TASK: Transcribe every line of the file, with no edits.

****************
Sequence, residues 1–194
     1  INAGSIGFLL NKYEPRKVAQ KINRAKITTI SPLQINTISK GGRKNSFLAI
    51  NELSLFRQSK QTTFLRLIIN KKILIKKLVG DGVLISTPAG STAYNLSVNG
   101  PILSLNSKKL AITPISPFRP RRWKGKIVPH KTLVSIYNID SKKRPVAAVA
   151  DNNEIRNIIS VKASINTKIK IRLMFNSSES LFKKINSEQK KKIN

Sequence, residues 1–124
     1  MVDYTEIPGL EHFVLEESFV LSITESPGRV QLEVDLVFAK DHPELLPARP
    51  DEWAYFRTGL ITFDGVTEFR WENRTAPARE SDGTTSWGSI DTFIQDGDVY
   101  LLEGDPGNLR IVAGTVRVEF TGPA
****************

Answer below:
Sequence, residues 1–194
     1  INAGSIGFLL NKYEPRKVAQ KINRAKITTI SPLQINTISK GGRKNSFLAI
    51  NELSLFRQSK QTTFLRLIIN KKILIKKLVG DGVLISTPAG STAYNLSVNG
   101  PILSLNSKKL AITPISPFRP RRWKGKIVPH KTLVSIYNID SKKRPVAAVA
   151  DNNEIRNIIS VKASINTKIK IRLMFNSSES LFKKINSEQK KKIN

Sequence, residues 1–124
     1  MVDYTEIPGL EHFVLEESFV LSITESPGRV QLEVDLVFAK DHPELLPARP
    51  DEWAYFRTGL ITFDGVTEFR WENRTAPARE SDGTTSWGSI DTFIQDGDVY
   101  LLEGDPGNLR IVAGTVRVEF TGPA